In another example, a hydroxy-terminated oligomer can be reacted with a diepoxy compound or a dianhydride to couple the oligomers with epoxy group derivatives, illustrated below wherein polymers of formula I are coupled to form polymers of formula III or IV as follows: ##STR140## Typical diepoxy reactants are of the general formula ##STR141## wherein R, R1, and R2 are each, independently from the others, alkyl groups, including cyclic and substituted alkyl groups, preferably with from 1 to about 30 carbon atoms, aryl groups, including substituted aryl groups, preferably with from 6 to about 30 carbon atoms, or arylalkyl groups, including substituted arylalkyl groups, preferably with from 7 to about 30 carbon atoms, or mixtures thereof. R can also be polymeric, and the resulting diepoxy can be a monomer or a polymer. Specific suitable diepoxy reactants include those where R is ##STR142## such as EPON® 828 resin, commercially available from Shell Oil Co., Houston, Tex., those where R is ##STR143## wherein n represents the number of repeat monomer units and typically is from about 1 to about 26, such as the other resins in the EPON® series, those where R is ##STR144## wherein n represents the number of repeat monomer units and typically is from about 1 to about 26, commercially available from Aldrich Chemical Co., Milwaukee, Wis., and the like. The hydroxy terminated oligomer films are heated with the epoxy resin (EPON 828) and a dianhydride or triethylamine (10 weight percent) to chain-extend the polymer at 135° C. for 30 minutes.

Polymers of the general formula ##STR145## can also be coupled by these methods, and polymers of formulae IV, V, VI, VII, VI, IX, and X can also be prepared by these methods.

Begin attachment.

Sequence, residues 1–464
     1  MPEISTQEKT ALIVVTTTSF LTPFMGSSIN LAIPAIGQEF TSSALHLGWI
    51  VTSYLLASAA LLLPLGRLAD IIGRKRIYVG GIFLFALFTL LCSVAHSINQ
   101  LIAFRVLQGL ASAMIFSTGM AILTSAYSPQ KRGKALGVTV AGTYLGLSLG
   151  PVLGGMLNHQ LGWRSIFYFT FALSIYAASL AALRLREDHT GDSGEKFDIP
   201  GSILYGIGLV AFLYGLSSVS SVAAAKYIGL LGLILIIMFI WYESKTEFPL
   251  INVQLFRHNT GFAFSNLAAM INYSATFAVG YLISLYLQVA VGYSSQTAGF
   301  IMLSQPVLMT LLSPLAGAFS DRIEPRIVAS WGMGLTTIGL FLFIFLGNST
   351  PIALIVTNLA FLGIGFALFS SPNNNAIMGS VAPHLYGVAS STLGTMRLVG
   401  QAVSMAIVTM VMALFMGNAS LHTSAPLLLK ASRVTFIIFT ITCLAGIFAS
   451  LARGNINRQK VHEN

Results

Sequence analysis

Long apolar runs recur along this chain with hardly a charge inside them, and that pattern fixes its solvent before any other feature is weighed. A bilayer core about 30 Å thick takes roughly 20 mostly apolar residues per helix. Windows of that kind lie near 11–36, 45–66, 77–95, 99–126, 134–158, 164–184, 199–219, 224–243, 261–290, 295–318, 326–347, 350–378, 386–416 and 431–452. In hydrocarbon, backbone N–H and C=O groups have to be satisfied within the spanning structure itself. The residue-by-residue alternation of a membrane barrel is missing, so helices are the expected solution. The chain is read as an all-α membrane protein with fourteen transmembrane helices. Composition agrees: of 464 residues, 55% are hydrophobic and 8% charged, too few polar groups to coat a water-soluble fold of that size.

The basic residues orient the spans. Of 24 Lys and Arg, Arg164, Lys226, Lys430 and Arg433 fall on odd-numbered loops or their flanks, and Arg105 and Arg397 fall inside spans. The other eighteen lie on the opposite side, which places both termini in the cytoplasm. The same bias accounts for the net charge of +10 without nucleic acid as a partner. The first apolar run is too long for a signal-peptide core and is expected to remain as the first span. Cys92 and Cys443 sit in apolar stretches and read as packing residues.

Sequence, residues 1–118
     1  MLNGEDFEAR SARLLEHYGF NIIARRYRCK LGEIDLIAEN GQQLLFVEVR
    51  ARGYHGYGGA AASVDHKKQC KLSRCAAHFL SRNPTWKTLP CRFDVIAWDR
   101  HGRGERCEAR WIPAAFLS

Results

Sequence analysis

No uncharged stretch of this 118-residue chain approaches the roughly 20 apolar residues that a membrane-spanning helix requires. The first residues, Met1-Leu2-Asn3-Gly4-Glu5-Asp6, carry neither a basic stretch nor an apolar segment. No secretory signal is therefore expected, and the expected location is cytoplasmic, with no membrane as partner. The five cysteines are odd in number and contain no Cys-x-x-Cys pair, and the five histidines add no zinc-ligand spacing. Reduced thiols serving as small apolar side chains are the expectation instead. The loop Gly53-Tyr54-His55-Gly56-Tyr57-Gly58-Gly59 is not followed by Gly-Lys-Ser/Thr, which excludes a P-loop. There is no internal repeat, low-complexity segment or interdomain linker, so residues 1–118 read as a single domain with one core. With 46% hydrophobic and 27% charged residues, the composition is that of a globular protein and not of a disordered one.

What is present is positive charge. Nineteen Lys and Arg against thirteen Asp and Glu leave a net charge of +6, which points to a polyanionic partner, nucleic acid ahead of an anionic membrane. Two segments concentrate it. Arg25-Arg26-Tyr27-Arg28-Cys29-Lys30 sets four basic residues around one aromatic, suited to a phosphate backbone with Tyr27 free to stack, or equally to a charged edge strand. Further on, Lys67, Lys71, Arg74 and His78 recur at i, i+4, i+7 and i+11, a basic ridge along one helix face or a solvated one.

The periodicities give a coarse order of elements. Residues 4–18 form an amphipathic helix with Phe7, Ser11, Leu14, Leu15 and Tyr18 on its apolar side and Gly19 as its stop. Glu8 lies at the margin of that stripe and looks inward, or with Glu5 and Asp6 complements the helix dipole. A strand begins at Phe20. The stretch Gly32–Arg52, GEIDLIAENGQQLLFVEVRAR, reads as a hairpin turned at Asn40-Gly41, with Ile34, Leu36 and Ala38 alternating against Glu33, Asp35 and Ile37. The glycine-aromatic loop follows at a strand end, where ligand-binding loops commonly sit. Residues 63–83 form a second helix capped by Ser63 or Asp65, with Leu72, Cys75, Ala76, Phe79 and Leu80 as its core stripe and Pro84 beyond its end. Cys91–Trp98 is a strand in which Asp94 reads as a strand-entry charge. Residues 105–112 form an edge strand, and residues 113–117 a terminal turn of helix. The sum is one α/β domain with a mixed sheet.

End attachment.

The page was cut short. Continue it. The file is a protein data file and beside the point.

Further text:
Other layers, such as conventional electrically conductive ground strip along one edge of the belt in contact with the conductive layer, blocking layer, adhesive layer or charge generating layer to facilitate connection of the electrically conductive layer of the photoreceptor to ground or to an electrical bias, may also be included. Ground strips are well known and usually comprise conductive particles dispersed in a film forming binder.

Optionally, an overcoat layer may also be utilized to improve resistance to abrasion. In some cases an anti-curl back coating may be applied to the surface of the substrate opposite to that bearing the photoconductive layer to provide flatness and/or abrasion resistance. These overcoating and anti-curl back coating layers are well known in the art and may comprise thermoplastic organic polymers or inorganic polymers that are electrically insulating or slightly semi-conductive. Overcoatings are continuous and generally have a thickness of less than about 10 micrometers. The thickness of anti-curl backing layers should be sufficient to substantially balance the total forces of the layer or layers on the opposite side of the supporting substrate layer. The total forces are substantially balanced when the belt has no noticeable tendency to curl after all the layers are dried. For example, for an electrophotographic imaging member in which the bulk of the coating thickness on the photoreceptor side of the imaging member is a transport layer containing predominantly polycarbonate resin and having a thickness of about 24 microns on a Mylar substrate having a thickness of about 76 microns, sufficient balance of forces can be achieved with a 13.5 micrometers thick anti-curl layer containing about 99 percent by weight polycarbonate resin, about 1 percent by weight polyester and between about 5 and about 20 percent of coupling agent treated crystalline particles. An example of an anti-curl backing layer is described in U.S. Pat. No. 4,654,284 the disclosure of which is totally incorporated herein by reference. A thickness between about 70 and about 160 microns is a satisfactory range for flexible photoreceptors.